Georgia: Where Feasting Traditions Are Movable

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A Georgian supra is a traditional dinner party that requires days of preparation, depending on the number of guests expected.

Feasting and toasting have long been an integral part of Georgia’s cultural identity. But shifting priorities mean that Georgians are redefining the custom of banquets, known as supras.

“The à la fourchette (a quickie meal featuring cold cuts) is fighting against the supra … and I don’t know which one will win,” said sociologist Emzar Jgerenaia, director of the National Library’s Department of Science, Culture and Civil Education.

The faceoff is not about food alone. In a region awash with foreign influences, the supra (derived from the Georgian word for tablecloth) used to serve for many as a line of defense for Georgian identity.

The feast’s liturgy of dozens of toasts -- presided over by a tamada, or toastmaster, and delivered in stylized Georgian -- “represent strong oral traditions, histories,” which “saved” Georgian culture from centuries of invaders, commented 59-year-old geologist Vasili Tabagari, a tamada with 42 years of toasting experience.

“Willingly or not, you learn something,” he said wryly.

But over the past 21 years, since the Soviet Union’s collapse and Georgia’s reemergence as an independent country, the supra’s importance has been diminishing, according to sociologist Giorgi Nizharadze, a professor at Tbilisi’s Free University who has written about the practice.

“[I]t has slowly lost its function because ... the threat toward the national identity has decreased,” Nizharadze continued. As a result, the tradition, he said, is “quite naturally changing.”

Georgian supras today are often “much more informal, and less structured,” with strict obedience to the tamada and the order of toasts (obligatory toasts include to the event itself, Georgia, peace, women, the dead and children) no longer expected.

In many urban centers, including Tbilisi, the Black Sea port city of Batumi and the parliamentary seat of Kutaisi, women may go to restaurants on their own for a supra without a male tamada, and toasts are sometimes made with beer -- something that would have been considered sacrilegious a generation ago, Nizharadze elaborated.

But political and societal transformations are not the only influences that are producing changes in supra protocol; economic pressure, specifically the need to earn money amid the country’s ongoing financial doldrums, is also playing a role.

“I think that people can no longer sit for a long time at the table, and they don’t have time to lead a traditional life,” said Jgerenaia, the sociologist.

During the Soviet era, no one thought twice about taking time off work to attend a supra. These days, time is money, agreed Nizharadze.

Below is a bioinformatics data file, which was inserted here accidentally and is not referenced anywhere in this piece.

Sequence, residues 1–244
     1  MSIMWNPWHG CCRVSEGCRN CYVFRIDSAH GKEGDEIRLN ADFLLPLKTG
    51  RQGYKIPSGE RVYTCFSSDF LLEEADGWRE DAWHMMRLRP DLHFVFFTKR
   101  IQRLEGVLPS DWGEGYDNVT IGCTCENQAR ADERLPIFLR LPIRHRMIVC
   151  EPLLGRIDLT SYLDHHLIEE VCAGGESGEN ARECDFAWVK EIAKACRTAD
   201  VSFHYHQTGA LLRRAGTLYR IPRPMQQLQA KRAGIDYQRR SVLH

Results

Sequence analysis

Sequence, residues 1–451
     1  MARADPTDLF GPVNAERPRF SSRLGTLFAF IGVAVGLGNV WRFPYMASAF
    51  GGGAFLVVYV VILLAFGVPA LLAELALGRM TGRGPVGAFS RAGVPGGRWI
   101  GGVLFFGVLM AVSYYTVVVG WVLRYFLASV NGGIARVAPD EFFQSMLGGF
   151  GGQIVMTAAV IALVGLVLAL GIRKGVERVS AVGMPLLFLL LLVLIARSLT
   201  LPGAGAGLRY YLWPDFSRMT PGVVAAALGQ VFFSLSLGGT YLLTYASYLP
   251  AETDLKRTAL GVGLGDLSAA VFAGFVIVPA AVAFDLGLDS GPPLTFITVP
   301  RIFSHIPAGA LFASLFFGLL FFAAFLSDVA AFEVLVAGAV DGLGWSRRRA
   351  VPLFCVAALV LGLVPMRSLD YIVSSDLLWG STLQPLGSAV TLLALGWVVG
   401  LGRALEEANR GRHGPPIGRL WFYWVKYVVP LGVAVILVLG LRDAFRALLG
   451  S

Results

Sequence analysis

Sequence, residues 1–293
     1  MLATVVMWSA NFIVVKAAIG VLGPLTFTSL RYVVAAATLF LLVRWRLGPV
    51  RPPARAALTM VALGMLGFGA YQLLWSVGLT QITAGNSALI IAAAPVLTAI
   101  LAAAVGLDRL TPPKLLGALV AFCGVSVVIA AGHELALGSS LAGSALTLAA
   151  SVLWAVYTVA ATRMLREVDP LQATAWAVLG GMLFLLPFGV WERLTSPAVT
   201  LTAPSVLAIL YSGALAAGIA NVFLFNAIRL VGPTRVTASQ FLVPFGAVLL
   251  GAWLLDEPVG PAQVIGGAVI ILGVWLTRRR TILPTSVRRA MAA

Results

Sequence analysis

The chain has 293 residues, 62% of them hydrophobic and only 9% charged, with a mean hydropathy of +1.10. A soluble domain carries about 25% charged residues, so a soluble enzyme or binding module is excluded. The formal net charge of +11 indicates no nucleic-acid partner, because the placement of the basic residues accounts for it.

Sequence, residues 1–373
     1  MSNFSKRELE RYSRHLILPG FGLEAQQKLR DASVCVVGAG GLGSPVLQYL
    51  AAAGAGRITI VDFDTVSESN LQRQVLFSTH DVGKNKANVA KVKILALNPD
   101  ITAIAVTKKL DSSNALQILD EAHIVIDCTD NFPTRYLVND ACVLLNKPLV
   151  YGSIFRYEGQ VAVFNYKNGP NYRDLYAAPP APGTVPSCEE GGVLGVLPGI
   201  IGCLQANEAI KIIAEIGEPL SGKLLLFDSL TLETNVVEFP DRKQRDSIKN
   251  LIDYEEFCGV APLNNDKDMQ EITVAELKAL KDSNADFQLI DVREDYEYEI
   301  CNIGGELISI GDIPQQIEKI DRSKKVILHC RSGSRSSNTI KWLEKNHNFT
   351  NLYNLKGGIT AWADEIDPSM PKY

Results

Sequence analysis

Another factor is the cost: people are not necessarily able or eager to drop the cash needed to hold epic, hours-long feasts.

Before independence in 1991, wedding supras with 1,000 guests and funeral feasts so large that some participants didn’t know the deceased were not unknown. Many Georgians back then were able to afford such mega-bashes, and they offered a means to keep up with the neighbors, said tamada Tabagari.

Twenty-three-year-old economist Alexander Bluashvili agrees that young Georgians today view supras quite differently from their parents and grandparents. “The point is not to get drunk, or to sleep on the table,” Bluashvili said. “It is to talk, to have fun, to tell jokes and to encourage others to express their opinion.”

Rather than a tamada acting as “a dictator,” he said, the goal is to find a compromise between saying set toasts “every five minutes” and respecting the Georgian tradition of heartfelt expressions of feeling at gatherings of friends and family.

“We do not have to prove our identity anymore. We can create something new and we can innovate,” explained Bluashvili. “Tradition is not something that is static; it can be changed.”

Only in Georgia’s villages and regional towns has the more orthodox form of the supra (including the role of women as cooks and clean-up crew) remained largely unchanged, sociologists say; perhaps a reflection of residents’ need to assert their own “provincial identity,” reasoned Nizharadze.

For tamada Tabagari, though, the changes, whether in supra size or structure, present no threat to the Georgian supra itself. “It is evolving, but the traditions are not forgotten,” he asserted. “The core is still there.”

Molly Corso is a freelance journalist who also works as editor of Investor.ge, a monthly publication by the American Chamber of Commerce in Georgia.

Georgia: Where Feasting Traditions Are Movable

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